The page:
$345 Million Settlement Proposed in EpiPen Lawsuits

Categories: For Potential Participants, [Allergies, Glaucoma, Migraine, Cancer, Diabetes, Seasonal Allergies, Prostate Cancer, Autism, Kidney Disease, Other, Eating Disorders, Smoking, Allergy, Pain, Depression, Stroke, Breast Cancer, Obesity, Asthma, Osteoporosis, Clinical Trials]

FRIDAY, July 16, 2021 (HealthDay News) -- Pfizer Inc. has agreed to pay $345 million in a proposed settlement to resolve lawsuits over steep EpiPen price increases.

EpiPens are auto-injectable devices that deliver the drug epinephrine for emergency treatment of a life-threatening allergic reaction called anaphylaxis.

In 2016, a number of class-action lawsuits were filed against Pfizer and its subsidiaries Meridian Medical Technologies Inc. and King Pharmaceuticals, alleging they engaged in anticompetitive conduct related to EpiPen, the Associated Press reported.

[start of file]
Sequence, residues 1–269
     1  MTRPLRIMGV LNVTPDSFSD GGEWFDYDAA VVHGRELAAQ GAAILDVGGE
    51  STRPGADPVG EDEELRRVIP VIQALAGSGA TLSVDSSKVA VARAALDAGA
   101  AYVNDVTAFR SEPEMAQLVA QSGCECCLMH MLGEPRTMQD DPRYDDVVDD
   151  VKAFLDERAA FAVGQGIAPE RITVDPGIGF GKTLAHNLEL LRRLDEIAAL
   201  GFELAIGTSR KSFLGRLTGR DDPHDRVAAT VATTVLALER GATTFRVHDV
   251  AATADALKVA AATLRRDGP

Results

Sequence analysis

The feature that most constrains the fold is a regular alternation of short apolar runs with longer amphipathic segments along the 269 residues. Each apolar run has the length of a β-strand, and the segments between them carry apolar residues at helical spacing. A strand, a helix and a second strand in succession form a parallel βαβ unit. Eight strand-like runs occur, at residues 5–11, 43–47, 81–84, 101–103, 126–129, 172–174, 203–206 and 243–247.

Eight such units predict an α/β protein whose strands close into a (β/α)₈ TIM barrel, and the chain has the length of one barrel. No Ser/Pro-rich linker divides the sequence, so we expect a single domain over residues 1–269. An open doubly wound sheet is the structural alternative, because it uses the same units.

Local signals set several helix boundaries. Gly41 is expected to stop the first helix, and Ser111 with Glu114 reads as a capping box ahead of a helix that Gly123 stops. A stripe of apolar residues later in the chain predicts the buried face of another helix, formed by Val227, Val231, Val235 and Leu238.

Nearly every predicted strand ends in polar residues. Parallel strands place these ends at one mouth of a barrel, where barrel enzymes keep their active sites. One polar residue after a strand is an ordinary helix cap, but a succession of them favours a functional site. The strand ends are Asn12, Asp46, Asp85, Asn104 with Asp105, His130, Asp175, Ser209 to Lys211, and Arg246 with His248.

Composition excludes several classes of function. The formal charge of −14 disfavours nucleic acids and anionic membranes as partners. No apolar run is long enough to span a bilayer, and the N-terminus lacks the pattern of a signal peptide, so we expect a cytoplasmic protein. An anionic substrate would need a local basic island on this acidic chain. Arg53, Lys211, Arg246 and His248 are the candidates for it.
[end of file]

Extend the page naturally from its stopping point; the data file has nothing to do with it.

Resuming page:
Another company that is a defendant in the litigation is Mylan, which owns the EpiPen brand, even though the devices are made by Pfizer.

Mylan acquired the right to market and distribute the devices in 2007, when an EpiPen package cost about $100. Now, it costs more than $650 without pharmacy coupons or manufacturer discounts, the AP reported.

Court documents filed Thursday in federal court in Kansas City, Kansas, show that Pfizer and its two subsidiaries asked the court to give preliminary approval to the settlement, according to Kansas City's NPR station KCUR-FM.

Three weeks ago, most of the claims against Mylan were dismissed, but the judge allowed antitrust claims against the company to proceed to trial, scheduled to start on Sept. 7, the AP reported.

Rex Sharp, a lawyer for the plaintiffs, said his clients were pleased that Pfizer had agreed to the settlement, noting it would still need the court's approval, the AP reported

In an email to KCUR-FM, a Pfizer spokesperson denied any wrongdoing by the company and said the settlement was sought to avoid "the distraction of continued litigation and focus on breakthroughs that change patients' lives."

More information

The National Institute of Allergy and Infectious Diseases has more on food allergies.


SOURCE: Associated Press

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